Encountering English Education: The experiences of newly arrived teenage migrants in monolingual English schools and colleges

Research output: ThesisDoctoral Thesis

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ENCOUNTERING ENGLISH EDUCATION: The experiences of newly arrived teenage migrants in monolingual English schools and colleges

This thesis reports the findings of a study of the educational experiences of teenagers migrating to schools and colleges in an English shire county. The research engaged with students in the 14-19 age group who joined educational establishments where peers were mainly monolingual English speaking. The aim was to explore access to learning through the perceptions of new migrants.
The study was set within a context where the 2004 expansion of the European Union had caused a sudden wave of migration to the UK. This affected many schools previously unaccustomed to supporting English as an Additional Language Learners. The study explores how pre-16 year old migrants and post-16 year old migrants from a range of home countries are exposed to established English curricular and pedagogical structures. It focuses on the specific challenges for migrants joining Key Stage 4, a stage where national GCSE examinations both determine the curriculum and frame future academic aspirations.
Data were drawn from informal board game sessions with individuals and small groups of migrant teenagers in five schools and two FE colleges situated in two semi-urban towns. All the data collected were narrative and qualitative.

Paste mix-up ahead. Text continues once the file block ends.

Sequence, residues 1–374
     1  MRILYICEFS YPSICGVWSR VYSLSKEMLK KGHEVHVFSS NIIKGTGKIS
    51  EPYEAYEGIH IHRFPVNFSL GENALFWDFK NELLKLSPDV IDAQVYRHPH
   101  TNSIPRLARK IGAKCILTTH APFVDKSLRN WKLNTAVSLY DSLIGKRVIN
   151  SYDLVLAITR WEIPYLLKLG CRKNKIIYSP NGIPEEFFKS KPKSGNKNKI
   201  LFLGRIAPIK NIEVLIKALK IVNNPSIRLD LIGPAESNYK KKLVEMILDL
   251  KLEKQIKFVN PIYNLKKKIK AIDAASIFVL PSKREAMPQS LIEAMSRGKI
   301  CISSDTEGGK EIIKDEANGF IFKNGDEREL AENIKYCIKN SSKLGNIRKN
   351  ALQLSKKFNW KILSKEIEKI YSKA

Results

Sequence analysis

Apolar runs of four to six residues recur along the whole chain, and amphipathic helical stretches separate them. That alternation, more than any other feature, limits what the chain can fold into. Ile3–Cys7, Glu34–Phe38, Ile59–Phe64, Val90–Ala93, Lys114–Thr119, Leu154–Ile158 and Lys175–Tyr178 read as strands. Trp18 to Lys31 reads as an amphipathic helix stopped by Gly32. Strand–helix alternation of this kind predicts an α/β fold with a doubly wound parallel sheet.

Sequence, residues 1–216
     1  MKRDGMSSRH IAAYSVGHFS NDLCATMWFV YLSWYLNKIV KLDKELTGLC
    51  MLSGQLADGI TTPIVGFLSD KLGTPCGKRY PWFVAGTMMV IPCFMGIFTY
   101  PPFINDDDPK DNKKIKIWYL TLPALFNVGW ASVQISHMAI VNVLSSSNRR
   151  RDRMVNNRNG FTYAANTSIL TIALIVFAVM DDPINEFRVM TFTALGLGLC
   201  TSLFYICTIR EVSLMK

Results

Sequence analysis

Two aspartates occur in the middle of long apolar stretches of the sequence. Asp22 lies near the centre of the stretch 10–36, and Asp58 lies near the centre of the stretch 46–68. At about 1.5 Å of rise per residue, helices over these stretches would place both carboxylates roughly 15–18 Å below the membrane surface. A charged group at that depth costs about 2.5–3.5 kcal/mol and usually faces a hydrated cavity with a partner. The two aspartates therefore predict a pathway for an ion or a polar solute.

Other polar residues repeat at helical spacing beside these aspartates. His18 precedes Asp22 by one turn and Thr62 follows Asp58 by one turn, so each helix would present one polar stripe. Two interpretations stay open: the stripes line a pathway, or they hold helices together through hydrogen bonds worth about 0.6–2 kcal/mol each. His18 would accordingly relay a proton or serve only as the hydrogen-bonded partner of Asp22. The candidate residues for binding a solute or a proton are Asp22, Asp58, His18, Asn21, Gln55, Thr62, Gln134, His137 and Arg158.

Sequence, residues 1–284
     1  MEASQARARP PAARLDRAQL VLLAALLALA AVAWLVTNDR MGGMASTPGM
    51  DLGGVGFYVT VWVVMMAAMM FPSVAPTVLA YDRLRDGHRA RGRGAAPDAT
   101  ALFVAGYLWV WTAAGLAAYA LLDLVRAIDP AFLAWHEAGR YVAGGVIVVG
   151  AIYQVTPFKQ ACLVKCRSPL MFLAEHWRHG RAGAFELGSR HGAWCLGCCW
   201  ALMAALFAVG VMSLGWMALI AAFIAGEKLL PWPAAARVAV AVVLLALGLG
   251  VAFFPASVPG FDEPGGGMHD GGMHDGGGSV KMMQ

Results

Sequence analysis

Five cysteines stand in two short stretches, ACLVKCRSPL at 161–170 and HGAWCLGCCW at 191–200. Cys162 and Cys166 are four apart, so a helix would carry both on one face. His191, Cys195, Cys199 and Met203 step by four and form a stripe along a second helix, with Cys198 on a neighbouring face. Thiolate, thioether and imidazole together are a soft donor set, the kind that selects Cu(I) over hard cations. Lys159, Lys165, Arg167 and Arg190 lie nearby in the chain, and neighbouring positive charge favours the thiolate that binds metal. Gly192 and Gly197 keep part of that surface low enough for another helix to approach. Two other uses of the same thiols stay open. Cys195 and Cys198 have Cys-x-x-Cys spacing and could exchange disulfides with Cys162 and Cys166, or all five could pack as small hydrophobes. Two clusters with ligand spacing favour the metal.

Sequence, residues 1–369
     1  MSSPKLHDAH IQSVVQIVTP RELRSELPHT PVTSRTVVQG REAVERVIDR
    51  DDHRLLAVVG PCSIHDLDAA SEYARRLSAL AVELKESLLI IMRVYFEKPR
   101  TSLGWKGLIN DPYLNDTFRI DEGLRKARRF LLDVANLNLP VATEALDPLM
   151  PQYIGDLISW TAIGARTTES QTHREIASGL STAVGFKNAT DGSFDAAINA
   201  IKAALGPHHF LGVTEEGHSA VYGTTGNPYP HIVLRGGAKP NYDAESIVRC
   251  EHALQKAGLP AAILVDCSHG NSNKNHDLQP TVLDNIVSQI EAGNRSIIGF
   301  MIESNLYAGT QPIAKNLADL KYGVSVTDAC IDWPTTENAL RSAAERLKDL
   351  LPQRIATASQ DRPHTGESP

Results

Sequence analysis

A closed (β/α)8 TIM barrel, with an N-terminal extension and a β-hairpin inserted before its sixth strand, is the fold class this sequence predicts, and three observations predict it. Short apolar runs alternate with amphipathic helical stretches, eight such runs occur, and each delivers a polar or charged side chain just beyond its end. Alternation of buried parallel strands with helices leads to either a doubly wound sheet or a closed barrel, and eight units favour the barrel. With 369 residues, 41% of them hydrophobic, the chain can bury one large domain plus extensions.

The data were analysed on three levels: as individual narratives; through an identification of broad themes that emerged directly from the students’ narratives and finally in the light of Amartya Sen’s capability theory as it has been applied to education by Walker, Saito and Robeyns. Analysis indicated that accessing English education involves meeting new challenges on both academic and social levels. The data found that early access was closely bound by the practicalities of individual school contexts and that internet technology enabled migrants to live in two parallel worlds: that of daytime English speaking school life and an evening life shared with home country friends.
The findings suggest that aspects of the English education system restrict opportunities for migrant teenagers to have similar choices and freedoms to those of their monolingual peers. Looking at the data through the lens of the capability approach, it is possible to identify seven capabilities of migrant equity. The thesis suggests how a discussion of these migrant equity capabilities might engage school based colleagues. It is argued that restricting the capabilities of teenage migrants affects both their short-term integration and their subsequent long term academic pathway. It concludes that current provision for 14-19 year old migrants in non-urban schools lacks the flexibility and the expertise to provide newly arrived teenage pupils with the educational access and potential achievement equal to that of English peers.
Original languageEnglish
QualificationDoctor of Philosophy
Awarding Institution
  • The University of Manchester
  • Ainscow, Melvin, Supervisor
  • Stelma, Juup, Supervisor
Award date18 May 2012
Publication statusAccepted/In press - 2012


  • teenage migration; KS3 & KS4;
  • access and inclusion in national curriculum


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